Social media and smartphones have transformed the way the world works. Everything has changed, except – in Hong Kong, anyway – official responses to controversial public incidents.
New technology has certainly not made those in authority any more prone to telling the truth in difficult circumstances.
When officials surround themselves by reassuring sycophants, and downgrade access to those increasingly rare individuals who tell them honestly and without fear what they need to hear (but don’t necessarily want to listen to), then preventable disaster is not far away.
The case of Fanling teacher Alpais Lam Wai-sze exemplifies this situation. In a moment of illconsidered – but, judging from the evidence, understandable – rage, she swore at police officers who had stood by and allowed peaceful (if annoying) Falun Gong protesters to be roughed up by thugs.
And what did Hong Kong’s officials – from Chief Executive Leung Chun-ying downwards – subsequently do? Blame the person who raised the alarm, rather than deal with the systemic problems that caused the sorry issue to arise in the first place.
For her outspokenness, Lam’s life was made a public misery.
So far, so predictable, but as the public mood gets steadily uglier, and community willingness to tolerate blatant official dissembling diminishes, it is a matter of concern that broader lessons indicated by this case have, apparently, not been learned.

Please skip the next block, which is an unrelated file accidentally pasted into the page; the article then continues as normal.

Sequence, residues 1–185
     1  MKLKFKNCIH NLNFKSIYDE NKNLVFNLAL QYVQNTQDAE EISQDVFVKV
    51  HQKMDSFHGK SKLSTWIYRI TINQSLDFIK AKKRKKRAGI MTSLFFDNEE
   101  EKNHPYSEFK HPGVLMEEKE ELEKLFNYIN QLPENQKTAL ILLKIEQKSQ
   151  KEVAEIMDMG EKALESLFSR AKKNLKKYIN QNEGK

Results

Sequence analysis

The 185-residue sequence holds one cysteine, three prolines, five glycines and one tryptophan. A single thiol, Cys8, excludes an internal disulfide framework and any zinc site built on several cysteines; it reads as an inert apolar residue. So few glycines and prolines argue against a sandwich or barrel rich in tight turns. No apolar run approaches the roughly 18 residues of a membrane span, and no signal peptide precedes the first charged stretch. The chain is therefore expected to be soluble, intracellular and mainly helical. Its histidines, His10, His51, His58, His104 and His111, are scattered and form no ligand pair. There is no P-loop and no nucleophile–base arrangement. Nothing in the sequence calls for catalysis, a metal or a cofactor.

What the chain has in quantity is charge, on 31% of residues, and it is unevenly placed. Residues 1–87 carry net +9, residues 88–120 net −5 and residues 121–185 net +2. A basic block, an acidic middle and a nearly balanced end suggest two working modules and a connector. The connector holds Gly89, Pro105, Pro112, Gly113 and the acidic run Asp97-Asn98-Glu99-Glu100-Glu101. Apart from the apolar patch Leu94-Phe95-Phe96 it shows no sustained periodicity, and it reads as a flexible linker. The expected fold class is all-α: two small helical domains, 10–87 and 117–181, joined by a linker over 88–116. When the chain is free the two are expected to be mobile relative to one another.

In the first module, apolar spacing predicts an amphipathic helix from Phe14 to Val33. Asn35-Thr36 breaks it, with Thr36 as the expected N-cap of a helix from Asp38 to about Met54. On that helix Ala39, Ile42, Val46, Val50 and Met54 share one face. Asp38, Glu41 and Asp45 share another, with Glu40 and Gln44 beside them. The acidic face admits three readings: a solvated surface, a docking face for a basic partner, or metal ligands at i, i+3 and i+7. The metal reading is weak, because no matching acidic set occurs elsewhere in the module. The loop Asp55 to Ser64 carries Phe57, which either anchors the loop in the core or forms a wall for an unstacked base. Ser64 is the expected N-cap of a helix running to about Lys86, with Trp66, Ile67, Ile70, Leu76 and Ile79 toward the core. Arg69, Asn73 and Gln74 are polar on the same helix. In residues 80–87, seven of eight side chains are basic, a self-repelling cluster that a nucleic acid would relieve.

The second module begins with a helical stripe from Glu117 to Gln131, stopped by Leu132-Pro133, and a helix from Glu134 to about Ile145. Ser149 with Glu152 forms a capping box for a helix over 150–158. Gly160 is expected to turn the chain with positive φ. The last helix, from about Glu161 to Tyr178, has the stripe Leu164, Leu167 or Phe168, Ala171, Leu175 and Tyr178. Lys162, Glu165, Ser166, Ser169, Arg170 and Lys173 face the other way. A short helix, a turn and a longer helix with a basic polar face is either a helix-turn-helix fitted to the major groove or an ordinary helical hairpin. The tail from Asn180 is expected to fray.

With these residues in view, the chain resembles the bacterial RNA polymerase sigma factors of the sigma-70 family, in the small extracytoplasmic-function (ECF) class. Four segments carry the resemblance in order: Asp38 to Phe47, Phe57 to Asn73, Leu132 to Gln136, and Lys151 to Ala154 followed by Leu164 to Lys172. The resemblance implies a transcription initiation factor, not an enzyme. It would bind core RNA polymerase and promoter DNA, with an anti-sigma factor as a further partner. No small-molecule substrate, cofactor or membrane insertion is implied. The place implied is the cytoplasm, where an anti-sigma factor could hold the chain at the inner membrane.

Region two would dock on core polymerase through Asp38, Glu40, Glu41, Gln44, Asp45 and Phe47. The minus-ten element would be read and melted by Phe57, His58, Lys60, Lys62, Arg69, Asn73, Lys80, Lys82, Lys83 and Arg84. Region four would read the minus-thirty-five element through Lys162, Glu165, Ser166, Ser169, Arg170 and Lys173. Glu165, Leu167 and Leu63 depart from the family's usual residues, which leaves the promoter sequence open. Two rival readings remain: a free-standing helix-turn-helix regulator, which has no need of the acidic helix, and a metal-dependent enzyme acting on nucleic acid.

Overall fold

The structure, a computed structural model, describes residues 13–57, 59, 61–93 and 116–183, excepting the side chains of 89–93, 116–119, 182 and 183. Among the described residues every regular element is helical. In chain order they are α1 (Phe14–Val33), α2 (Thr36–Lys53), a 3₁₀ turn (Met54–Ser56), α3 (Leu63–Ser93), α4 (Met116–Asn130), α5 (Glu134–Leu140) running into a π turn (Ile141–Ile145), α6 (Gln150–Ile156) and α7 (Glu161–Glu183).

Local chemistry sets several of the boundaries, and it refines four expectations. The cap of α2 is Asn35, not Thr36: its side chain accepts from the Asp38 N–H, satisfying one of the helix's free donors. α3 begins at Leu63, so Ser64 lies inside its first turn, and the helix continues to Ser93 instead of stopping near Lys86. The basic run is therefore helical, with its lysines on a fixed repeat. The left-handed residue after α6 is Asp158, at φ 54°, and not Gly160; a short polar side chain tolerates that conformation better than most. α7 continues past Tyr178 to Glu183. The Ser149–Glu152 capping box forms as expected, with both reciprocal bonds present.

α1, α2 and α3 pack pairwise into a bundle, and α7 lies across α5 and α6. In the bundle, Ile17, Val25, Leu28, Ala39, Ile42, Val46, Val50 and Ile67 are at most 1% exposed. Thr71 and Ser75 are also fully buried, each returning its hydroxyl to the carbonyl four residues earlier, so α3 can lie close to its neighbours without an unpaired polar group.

As any mathematics student knows, it is impossible to argue with probability. If an incident is filmed in colour with good audio, by a few dozen independent observers, and then posted online where it can quickly go viral, it is impossible to deny with any credibility – as police spokesmen continue to try to do – that an incident was significantly different to what numerous independent witnesses clearly observed.
Of course, online public debates can be cleverly shut down long enough for other issues to take precedence in the wider consciousness; the recent “race riot” in Singapore and the concerns about poorly managed immigration policies that the incident highlighted make this fact clear. One doesn’t need to be a conspiracy theorist to notice how quickly certain events “disappear” these days, especially when closer critical examination would simply complicate matters further.
In the past, official invisibility could be used to positive effect.
One former government official described to me how, in the early 1950s, when he briefly served as one of Governor Sir Alexander Grantham’s assistant private secretaries, it was easy to evaluate, first-hand, what was going on.
Grantham, accompanied by his European police bodyguard and a couple of other officials (all Cantonese speakers), would go off on a brisk walk around the city, all the while closely noting the general mood on the street.
With no television then, and few press photographs (those that did appear were mostly indistinct), to the average man in the street these pedestrians were just a few ambling foreigners, not the governor and his entourage on a quiet tour of inspection.
Modern saturation TV coverage, and automatic public recognition, means officials can’t go anywhere – or do anything – without being immediately noticed, and their every word or action recorded and scrutinised.
In a world of instant media opinions – with all the lack of reflection that any form of immediacy automatically implies – their every gesture is subject to widespread misinterpretation.
No wonder Hong Kong’s hapless officials can’t do anything right anymore.